According to the sources in the article found here, more people are adopting later in life. While this trend is neither good nor bad, in my opinion, it is worth noting. It is not surprising that people are choosing to work longer and adopt children later. Financially, it makes sense. There are some considerations, however, that I think people who are just starting the process of expanding their family should keep in mind and consider the time with adoption.

1. Do adoption research while pursuing fertility treatments.

IVF and fertility treatments can mean couples are spending more years trying to become pregnant, which usually happens after a year or two of trying on their own. Because IVF is no guarantee, some couples may turn to adoption afterward.

What I’d like to point out here is that you can start thinking about adoption while you’re going through IVF. Some agencies will say you can’t enter their pool if you are doing fertility treatments out of fairness to other waiting families, but there are other ways you can simultaneously consider adoption and IVF.

If your heart is set on IVF and adoption is the backup plan, then consider doing adoption research while you do IVF treatments. Look online for agencies you like, in case you need them. You can join Facebook adoption groups to get a sense of what the community is like. You can even do things to help prepare your home in case you need that home study, like buying outlet covers and a bassinet. If you don’t do any adoption research until you are completely done with doing IVF, there could be months that add to your overall wait for children.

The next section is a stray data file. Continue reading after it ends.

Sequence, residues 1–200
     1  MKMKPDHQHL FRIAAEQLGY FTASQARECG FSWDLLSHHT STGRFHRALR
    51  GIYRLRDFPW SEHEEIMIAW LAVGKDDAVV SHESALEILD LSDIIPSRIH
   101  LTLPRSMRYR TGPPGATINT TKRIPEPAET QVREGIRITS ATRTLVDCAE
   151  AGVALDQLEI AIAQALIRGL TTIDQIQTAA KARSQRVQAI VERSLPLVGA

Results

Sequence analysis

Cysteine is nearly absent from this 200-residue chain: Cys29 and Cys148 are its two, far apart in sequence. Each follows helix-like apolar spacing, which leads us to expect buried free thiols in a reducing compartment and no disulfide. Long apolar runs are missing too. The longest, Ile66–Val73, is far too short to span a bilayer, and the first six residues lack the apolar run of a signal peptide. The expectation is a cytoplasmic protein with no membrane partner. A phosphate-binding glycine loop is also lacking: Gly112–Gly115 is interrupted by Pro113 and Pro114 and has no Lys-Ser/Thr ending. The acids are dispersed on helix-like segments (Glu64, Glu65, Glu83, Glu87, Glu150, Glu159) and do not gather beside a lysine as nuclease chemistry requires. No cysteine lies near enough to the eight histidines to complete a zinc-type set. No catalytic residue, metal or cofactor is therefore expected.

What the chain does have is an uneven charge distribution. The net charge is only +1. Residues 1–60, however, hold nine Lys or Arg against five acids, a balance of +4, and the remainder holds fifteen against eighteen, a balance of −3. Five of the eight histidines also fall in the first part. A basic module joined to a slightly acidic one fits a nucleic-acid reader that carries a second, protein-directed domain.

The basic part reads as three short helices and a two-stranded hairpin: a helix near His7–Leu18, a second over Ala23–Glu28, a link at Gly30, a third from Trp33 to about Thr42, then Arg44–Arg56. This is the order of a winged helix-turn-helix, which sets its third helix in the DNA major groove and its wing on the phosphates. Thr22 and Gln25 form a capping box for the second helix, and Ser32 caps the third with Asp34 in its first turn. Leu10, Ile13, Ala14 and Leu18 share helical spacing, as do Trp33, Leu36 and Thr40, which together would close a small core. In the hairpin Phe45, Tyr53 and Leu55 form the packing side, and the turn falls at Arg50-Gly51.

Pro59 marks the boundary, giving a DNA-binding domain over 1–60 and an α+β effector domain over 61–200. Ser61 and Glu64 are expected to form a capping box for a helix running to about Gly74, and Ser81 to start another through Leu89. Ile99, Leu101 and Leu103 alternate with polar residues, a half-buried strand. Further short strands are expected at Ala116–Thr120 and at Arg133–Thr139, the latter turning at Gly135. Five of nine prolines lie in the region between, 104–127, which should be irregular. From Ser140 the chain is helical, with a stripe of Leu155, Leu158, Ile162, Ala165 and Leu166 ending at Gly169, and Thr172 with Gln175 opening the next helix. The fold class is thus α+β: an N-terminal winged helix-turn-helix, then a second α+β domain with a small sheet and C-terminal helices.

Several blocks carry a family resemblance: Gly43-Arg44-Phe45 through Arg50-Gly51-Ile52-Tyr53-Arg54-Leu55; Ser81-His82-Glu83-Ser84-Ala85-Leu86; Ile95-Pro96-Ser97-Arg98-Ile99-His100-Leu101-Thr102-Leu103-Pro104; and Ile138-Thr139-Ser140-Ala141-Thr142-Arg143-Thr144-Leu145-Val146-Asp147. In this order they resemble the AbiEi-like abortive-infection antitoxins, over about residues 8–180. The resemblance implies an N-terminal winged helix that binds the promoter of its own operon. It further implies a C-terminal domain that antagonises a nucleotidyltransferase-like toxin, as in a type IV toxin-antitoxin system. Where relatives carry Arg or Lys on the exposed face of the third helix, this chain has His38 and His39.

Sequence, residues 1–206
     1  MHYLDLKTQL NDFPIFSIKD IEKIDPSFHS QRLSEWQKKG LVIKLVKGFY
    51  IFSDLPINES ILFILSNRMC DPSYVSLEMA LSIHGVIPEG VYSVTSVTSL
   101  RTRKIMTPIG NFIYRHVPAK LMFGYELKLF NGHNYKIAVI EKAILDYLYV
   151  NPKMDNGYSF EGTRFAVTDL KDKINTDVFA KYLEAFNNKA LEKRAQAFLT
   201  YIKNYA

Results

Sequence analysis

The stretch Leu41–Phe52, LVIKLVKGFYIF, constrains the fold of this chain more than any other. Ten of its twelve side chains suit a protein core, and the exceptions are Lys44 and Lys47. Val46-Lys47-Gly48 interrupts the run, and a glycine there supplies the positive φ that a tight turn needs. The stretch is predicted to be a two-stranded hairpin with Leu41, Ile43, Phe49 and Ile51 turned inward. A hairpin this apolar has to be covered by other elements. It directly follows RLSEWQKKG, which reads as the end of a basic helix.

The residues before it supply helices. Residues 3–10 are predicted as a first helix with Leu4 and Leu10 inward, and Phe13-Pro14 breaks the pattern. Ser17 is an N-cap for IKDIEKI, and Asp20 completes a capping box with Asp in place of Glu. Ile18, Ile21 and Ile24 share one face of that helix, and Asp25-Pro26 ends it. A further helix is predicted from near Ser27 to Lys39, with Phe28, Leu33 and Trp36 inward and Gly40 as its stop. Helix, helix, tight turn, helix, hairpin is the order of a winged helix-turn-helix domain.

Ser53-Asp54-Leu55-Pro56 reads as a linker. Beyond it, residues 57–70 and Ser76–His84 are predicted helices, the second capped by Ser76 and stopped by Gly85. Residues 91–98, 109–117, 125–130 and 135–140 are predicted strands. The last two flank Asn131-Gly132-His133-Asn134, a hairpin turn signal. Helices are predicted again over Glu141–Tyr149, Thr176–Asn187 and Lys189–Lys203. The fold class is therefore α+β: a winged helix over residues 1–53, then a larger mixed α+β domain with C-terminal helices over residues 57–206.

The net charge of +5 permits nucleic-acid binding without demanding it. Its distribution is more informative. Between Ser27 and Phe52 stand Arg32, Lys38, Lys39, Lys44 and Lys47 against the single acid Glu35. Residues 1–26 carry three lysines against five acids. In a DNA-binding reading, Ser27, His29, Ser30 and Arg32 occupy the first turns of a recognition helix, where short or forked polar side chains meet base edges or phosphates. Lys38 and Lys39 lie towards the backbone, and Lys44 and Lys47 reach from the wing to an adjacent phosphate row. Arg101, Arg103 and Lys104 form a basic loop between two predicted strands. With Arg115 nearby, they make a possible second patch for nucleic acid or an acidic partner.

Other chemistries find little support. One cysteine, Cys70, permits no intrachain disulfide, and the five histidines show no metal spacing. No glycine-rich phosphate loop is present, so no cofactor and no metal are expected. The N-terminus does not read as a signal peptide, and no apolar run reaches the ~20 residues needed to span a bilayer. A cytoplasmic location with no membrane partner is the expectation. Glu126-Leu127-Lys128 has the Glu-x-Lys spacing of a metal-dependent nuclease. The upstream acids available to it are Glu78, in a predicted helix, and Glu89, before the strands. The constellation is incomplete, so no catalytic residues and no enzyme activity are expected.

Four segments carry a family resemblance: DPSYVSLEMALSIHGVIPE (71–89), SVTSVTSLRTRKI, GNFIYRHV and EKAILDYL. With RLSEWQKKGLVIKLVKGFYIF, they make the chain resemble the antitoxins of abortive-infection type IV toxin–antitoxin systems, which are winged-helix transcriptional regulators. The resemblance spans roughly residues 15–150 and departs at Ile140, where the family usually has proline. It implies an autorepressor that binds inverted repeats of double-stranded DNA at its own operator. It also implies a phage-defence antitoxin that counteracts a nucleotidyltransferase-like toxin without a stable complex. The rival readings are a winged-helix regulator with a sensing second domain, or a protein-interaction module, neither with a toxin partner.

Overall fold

2. Don’t hesitate to see a doctor.

We are in a great time of medical advances. Doctors will tell most couples to try on their own for a child for a year before considering getting checked out. I say, do what you want. We were a couple of years in before we got checked out, and all that time was essentially wasted because we had male factor infertility. I always wonder how things would have been different if we had known from the start that we couldn’t get pregnant naturally. If you’re having trouble and it’s only been 6 months, I say so what? Just make an appointment and get a semen analysis. For the man, it’s quite an easy process. Then you’ll know. Of course, hindsight is 20/20 and I’m glad our timeline was as long as it was because now we have the most beautiful son via adoption.

3. Consider adopting before all your biological kids have arrived.

I know many people who say they want to adopt after they have kids biologically. My suggestion would be to just realize how fast time passes. You may be on kid #3 and it’s ten years later and then suddenly adoption feels too hard, especially one from another country that may take 3 years (or more).

Is there a perfect age to have children or adopt children? No. But with all the information available, I think more people should consider using a broad brush to paint their family picture. Going into family planning, don’t have such a narrow vision that you only see biological children and only see newborns. Consider international adoption or foster care. Consider arming yourself with the knowledge of what you and your partner’s conception chances are. Most of all, respect that everyone is different. It may be perfect for us to have adopted at 31 while it is perfect for someone else to get pregnant naturally at age 41. Family is a blessing no matter how it comes to you.



Are you ready to pursue adoption? Visit or call 1-800-ADOPT-98 to connect with compassionate, nonjudgmental adoption specialists who can help you get started on the journey of a lifetime.